According to the nationwide survey of HCC patients in Japan, the rate of nonviral HCC was 32.5% in 2015 [26]. In this study, the rate for group VE was 59%. This rate was high. Previous studies have reported that the number of elderly patients with HCC is increasing [27] and that elderly patients have higher rates of HCV or NBNC than nonelderly patients [18, 19, 27, 28], which is consistent with our results. HCV infections generally occur in adulthood in contrast to HBV infections, which are generally acquired through mother-child transmission [29]. The increased number of elderly NBNC-HCC patients is thought to be attributed to the fact that non-alcoholic fatty liver disease and non-alcoholic steatohepatitis-related HCC with metabolic syndromes are more likely to occur in elderly patients compared with young patients [30, 31]. Regarding liver function, elderly patients tend to develop HCC without cirrhosis or liver fibrosis [28]. Paradis et al. reported that HCC patients with metabolic syndromes showed less significant fibrosis than those without metabolic syndromes [30]. Tokushige et al. reported that cryptogenic HCC patients aged 80 years or older tended to develop HCC without cirrhosis [32]. Regarding oncological features, some reports have demonstrated an increased frequency of tumor encapsulation and lower vascular invasion in elderly patients compared with young patients [33, 34]. These results were consistent with our results. Katsuta et al. reported an age-related upregulation of the androgen and phosphatidylinositol 3-kinase pathways in tumor tissue and a downregulation of fibrosis-related pathways in noncancerous liver tissue [35]. Thus, compared with HCC in young patients, the characteristics of HCC in elderly patients could be somewhat different, such as a slightly lower degree of malignancy and relatively better liver function. In this study, prognostic factors, such as tumor size and tumor number, less influenced the prognoses of patients in group VE compared with patients in groups E and Y. This result might be explained by these biological differences. A previous study reported that HCC occurring at younger and elderly ages showed distinct oncogenic mechanisms by analyzing gene expression [36]. In addition, the livers of the elderly showed decreased liver regenerative capacity, altered metabolism functions, and immune response dysfunction, making them more susceptible to the development of chronic liver diseases [37]. Therefore, prognostic factors might differ among the different groups.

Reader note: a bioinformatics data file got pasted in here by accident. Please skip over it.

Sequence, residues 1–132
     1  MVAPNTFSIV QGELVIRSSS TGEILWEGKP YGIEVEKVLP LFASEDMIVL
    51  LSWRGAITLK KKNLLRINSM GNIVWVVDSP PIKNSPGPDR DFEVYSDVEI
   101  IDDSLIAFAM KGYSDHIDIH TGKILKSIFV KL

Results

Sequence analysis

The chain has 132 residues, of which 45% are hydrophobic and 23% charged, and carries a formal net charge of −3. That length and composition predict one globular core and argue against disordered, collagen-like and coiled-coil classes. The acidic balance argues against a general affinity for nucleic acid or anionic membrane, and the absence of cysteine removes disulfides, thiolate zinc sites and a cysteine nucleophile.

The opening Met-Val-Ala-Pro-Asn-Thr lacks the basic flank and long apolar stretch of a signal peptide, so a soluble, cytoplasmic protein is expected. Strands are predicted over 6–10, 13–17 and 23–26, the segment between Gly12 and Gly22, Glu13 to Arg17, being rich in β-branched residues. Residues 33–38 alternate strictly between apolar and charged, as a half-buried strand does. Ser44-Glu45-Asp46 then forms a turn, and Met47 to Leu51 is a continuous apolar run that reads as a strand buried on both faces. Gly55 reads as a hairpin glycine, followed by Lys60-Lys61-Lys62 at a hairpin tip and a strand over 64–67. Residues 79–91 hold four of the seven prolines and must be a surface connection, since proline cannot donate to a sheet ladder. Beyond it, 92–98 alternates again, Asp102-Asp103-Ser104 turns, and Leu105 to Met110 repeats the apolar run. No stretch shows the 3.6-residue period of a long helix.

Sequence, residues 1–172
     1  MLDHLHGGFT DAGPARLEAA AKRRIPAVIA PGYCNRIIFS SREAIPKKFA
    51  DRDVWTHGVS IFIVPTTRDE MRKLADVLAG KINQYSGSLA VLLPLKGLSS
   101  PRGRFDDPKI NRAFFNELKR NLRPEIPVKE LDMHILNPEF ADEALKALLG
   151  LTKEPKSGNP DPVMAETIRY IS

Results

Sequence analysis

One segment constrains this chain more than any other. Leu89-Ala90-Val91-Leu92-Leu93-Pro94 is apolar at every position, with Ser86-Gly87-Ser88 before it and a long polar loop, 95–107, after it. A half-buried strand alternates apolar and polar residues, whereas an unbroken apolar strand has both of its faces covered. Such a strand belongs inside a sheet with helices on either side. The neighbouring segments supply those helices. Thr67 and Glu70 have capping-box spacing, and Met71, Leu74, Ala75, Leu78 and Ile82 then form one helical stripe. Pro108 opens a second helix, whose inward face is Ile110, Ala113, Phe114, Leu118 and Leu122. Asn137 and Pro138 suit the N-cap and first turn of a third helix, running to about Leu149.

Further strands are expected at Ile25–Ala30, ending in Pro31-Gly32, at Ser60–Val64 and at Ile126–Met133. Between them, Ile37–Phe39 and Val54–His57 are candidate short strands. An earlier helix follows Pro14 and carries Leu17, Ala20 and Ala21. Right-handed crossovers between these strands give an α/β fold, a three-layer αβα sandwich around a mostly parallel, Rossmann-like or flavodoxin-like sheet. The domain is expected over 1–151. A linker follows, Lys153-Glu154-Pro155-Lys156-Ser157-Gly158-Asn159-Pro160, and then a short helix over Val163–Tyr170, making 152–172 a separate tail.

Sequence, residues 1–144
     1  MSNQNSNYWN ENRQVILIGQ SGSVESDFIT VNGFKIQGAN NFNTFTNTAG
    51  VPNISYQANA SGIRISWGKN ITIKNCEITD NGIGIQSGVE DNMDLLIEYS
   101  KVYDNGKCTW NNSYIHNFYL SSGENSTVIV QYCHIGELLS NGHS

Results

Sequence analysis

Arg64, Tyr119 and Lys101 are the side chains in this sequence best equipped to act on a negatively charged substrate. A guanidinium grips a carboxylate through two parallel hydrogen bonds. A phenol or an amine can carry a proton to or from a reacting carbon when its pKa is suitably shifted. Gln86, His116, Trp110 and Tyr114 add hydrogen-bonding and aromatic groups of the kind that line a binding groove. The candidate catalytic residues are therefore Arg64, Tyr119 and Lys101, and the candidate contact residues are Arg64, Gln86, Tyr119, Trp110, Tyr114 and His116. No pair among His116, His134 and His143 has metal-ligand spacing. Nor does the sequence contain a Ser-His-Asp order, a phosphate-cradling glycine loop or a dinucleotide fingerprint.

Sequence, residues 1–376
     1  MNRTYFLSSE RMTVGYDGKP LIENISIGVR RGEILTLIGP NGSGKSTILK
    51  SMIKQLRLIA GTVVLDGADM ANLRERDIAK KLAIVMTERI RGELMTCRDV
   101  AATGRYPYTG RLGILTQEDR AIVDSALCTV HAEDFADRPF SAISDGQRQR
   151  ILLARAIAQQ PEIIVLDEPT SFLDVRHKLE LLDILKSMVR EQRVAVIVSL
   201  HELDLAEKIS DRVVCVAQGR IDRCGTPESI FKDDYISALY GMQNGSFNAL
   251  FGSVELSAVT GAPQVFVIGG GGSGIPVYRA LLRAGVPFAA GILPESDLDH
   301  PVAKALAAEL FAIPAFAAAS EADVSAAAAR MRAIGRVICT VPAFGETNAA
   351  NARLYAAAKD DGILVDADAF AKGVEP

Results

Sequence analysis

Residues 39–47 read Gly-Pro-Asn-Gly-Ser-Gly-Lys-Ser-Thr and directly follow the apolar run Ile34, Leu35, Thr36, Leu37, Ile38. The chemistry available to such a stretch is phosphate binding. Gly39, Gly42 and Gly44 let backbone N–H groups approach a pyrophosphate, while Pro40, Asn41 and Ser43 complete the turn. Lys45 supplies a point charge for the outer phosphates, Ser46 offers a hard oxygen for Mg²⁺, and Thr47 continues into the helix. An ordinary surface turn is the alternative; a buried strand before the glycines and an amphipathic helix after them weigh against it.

Liver function reserve might be more important in group VE compared with groups E or Y. Interestingly, patients with an FRLR ≥ 50% exhibited significantly more favorable survival than patients with an FRLR < 50% in group VE according to the univariate analysis. Furthermore, no significant differences in recurrence were noted. During hepatectomy for very elderly patients, surgeons might have to make a maximum effort to preserve the remnant liver as much as possible.